Even if, in aggregate, land values increase, densification of an existing neighborhood creates risks for individual property owners they many not wish to bear. If an apartment block is built next door, my old neighbor may have gotten rich from selling, but my plot may not be suitable for putting up yet another tower, and my home may be worth less for its busy, unquaint new neighbor. People experience individual not aggregate outcomes, and individual outcomes are usually riskier than aggregate outcomes. Absent some insurance mechanism, it is rationally hard to persuade individuals to consent to policy changes that, in aggregate terms, would meet a return-to-risk hurdle but at an individual level might not.

If something is beneficial to the community but could disproportionately harm a subset of its members, those members will lash out. This is especially true for NIMBYs when you mess with their home prices. One of my favorite examples of this comes from a since deleted Facebook post:

Now, more than ever, we need unity among homeowners. I see quite a few WEAK COWARDS in the area listing their homes for less than they’re worth. I understand the desire to sell your house quickly, but listing your home for a lower value than what it’s worth hurts comps for all your neighbors. This is especially painful for those who purchased recently and can’t go underwater otherwise they will have trouble refinancing when rates go down.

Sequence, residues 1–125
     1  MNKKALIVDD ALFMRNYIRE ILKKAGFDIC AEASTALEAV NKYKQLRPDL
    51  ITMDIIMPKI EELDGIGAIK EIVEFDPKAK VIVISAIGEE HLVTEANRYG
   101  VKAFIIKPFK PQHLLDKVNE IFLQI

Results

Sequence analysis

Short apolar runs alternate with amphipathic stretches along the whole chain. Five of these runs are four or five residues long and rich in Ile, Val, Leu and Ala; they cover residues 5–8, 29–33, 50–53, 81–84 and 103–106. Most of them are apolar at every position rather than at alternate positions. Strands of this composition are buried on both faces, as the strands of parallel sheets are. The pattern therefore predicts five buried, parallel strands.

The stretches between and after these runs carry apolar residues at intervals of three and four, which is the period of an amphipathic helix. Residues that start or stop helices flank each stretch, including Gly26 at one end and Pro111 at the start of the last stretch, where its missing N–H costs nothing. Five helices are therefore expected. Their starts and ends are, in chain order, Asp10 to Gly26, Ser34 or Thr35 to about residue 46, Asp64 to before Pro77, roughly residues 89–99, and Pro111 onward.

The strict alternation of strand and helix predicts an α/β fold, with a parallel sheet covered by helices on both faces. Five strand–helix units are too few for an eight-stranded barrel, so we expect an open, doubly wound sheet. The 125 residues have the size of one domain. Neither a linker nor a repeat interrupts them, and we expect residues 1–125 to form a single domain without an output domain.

So please, have some humanity and stand with your neighbors and DO NOT LOWER HOUSE PRICES!

If we work together to secure our community’s real estate market, we can persevere through this winter and into the spring were sales prices will go up again.

As long as NIMBYs exist and rates remain high, you can bet that home prices in most areas are unlikely to budge. But will this stay true indefinitely? What could cause home prices to start declining? Let’s look at that now.

What Could Cause Home Prices To Drop?

As much as people like to complain about high housing prices, the alternate scenario is much worse. Since supply is likely to stay limited for the foreseeable future (in most areas), the only thing that could cause housing prices to drop would be an economic downturn. When people can’t make their mortgage payments and are forced out of their homes then we will see lower home prices. But who really wants that?

As much as I would personally benefit from lower home prices, I’d much rather have a strong economy that keeps my income and assets afloat. People tend to forget that when asset prices collapse there is usually a good reason for that. Do you remember what happened the last time housing prices rapidly declined? It was 2008. Would you rather have that economy and the bargains that went along with it or today’s prices and more stability?

It’s easy to look back on how “cheap” housing was in the past, but it didn’t feel cheap in the moment. Do you remember March 2020? The world economy was shutting down and equity markets were in free fall. Did stocks feel cheap then? They didn’t to me. Of course, we can look back now with the benefit of hindsight and see how many bargains there were. But, it didn’t feel that way while living through it.

The same thing will likely happen if housing prices ever crash again. I can’t imagine a scenario where home prices fall without major policy changes (i.e. less NIMBYism) or a severe economic downturn. And since policy changes seem unlikely, that only leaves one option.

So, if you want lower housing prices, I completely understand. But, be careful what you wish for. You just might get it. Thank you for reading.